Children's Dental Health Month
February is National Children's Dental Health Month. Good habits and regular dental visits make a good start on a lifetime of healthy teeth and gums.
Visit the Dentist
Begin with a visit to the dentist within six months of your child getting a first tooth, and no later than the child's first birthday. Dental visits are needed for cleaning and sometimes fluoride treatments. Routine exams also uncover damage that can be easily treated when caught early (ADA).
Teach Children to Brush
- Brush every day on all sides with a soft toothbrush and fluoride toothpaste (moving the brush in small circles and short back-and-forth strokes).
- Brush carefully and gently along the gum line and lightly brush the tongue.
- Clean around the teeth with dental floss to keep gums healthy. Rinse after you floss.
- Remind small children to not to swallow toothpaste. If a child can't or will not spit out the toothpaste, then use tooth paste without fluoride until the child learns to spit.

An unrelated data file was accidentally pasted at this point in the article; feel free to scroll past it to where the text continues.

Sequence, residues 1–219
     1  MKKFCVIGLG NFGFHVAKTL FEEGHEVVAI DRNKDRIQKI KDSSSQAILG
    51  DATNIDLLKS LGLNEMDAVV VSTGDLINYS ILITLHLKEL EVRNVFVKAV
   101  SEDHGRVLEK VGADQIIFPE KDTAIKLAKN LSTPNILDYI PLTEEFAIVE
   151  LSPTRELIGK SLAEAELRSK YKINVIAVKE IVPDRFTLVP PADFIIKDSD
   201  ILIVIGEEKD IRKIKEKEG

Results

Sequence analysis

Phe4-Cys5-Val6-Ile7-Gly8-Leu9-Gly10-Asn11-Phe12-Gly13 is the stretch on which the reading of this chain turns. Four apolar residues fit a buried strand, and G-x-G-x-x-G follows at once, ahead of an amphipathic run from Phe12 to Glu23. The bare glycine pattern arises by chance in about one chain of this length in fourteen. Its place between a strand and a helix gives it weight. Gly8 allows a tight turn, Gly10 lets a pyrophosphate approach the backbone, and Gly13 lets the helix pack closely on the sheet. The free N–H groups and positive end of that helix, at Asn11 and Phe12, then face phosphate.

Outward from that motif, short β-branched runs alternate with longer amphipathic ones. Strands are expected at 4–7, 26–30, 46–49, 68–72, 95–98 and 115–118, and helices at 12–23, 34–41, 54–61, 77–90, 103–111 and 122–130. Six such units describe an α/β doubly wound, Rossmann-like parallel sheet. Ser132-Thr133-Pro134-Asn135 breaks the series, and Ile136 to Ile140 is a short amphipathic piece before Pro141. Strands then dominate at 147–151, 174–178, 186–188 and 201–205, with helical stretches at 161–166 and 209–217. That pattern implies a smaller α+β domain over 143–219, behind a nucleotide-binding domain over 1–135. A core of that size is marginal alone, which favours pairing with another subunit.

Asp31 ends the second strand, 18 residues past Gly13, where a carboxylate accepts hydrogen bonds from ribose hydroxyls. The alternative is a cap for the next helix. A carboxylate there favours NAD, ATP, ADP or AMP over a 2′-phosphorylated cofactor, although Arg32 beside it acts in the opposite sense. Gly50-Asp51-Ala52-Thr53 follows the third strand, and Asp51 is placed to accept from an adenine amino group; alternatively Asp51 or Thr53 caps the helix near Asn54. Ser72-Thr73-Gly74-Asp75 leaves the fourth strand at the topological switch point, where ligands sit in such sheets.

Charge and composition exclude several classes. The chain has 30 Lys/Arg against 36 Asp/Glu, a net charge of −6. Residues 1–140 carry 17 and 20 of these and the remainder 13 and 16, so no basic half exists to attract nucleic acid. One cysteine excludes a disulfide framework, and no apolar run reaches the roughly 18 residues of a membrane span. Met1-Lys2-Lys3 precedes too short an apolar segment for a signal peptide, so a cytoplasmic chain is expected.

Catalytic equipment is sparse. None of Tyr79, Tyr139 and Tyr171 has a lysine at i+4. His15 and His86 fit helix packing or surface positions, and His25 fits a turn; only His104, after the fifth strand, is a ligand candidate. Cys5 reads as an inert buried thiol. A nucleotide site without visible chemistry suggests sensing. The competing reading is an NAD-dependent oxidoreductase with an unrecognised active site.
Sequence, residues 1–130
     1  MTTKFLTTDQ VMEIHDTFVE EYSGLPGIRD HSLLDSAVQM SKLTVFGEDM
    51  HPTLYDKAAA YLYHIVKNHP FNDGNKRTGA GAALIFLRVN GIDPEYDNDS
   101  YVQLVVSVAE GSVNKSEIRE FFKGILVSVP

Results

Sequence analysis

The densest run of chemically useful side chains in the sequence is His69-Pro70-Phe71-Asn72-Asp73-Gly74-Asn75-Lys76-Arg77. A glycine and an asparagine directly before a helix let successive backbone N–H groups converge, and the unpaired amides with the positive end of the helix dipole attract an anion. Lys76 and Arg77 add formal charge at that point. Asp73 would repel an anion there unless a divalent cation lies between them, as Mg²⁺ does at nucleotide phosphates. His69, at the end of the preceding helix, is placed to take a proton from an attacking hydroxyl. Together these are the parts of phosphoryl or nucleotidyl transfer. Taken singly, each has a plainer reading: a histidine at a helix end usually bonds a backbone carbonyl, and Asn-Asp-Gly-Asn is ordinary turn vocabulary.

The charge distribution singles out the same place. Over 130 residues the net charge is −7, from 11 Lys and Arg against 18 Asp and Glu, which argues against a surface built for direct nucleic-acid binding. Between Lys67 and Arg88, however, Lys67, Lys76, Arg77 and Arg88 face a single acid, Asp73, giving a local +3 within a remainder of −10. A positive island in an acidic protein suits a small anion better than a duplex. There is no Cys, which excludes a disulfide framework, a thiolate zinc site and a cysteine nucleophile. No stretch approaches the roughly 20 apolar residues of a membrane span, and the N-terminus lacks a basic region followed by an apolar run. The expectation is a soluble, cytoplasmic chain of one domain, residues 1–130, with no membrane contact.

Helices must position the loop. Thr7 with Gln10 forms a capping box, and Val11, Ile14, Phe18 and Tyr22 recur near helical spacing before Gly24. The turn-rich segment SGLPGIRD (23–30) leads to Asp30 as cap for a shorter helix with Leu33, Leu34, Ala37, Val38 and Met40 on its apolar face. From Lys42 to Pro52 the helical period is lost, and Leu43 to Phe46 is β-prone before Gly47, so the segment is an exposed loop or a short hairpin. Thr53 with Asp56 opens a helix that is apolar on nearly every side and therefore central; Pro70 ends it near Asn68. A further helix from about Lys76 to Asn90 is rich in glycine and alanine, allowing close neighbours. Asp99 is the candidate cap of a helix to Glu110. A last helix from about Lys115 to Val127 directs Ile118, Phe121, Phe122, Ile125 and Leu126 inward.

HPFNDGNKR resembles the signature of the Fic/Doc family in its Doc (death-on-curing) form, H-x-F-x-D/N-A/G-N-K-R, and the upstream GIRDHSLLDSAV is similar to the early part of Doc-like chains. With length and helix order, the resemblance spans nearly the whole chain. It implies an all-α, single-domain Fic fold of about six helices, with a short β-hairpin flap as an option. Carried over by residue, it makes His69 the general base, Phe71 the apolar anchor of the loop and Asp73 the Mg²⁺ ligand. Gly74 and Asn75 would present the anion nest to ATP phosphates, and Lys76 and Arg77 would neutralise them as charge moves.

Drink Water That Has Had Fluoride Added
This is done by the water department in about half the cities and towns of the United States, including Columbus. If your water is not fluoridated or if your child' teeth need more fluoride to stay healthy, your dentist can prescribe it or apply it in the dentist's office.
Get Dental Sealants When Possible
Sealants are thin, plastic coatings painted on the chewing surfaces of the back teeth. Sealants are put on in dentists' offices, clinics, and sometimes in schools. By covering the chewing surfaces of the molars, sealants keep out the germs and food that cause decay.
- Children should get sealants on their permanent molars as soon as the teeth come in.
- The first permanent molars (6 year molars) come in between the ages of 5 and 7.
- The second permanent molars (12 year molars) come in when a child is between 11 and 14 years old.
- Other teeth with pits and grooves also may need to be sealed.
- Teenagers and young adults without decay or fillings in their molars also may get sealants.
For more information about sealants call your dentist, local dental society, or health department.
For More Information
Source: U.S. Department of Health and Human Services, National Institutes of Health, and ADA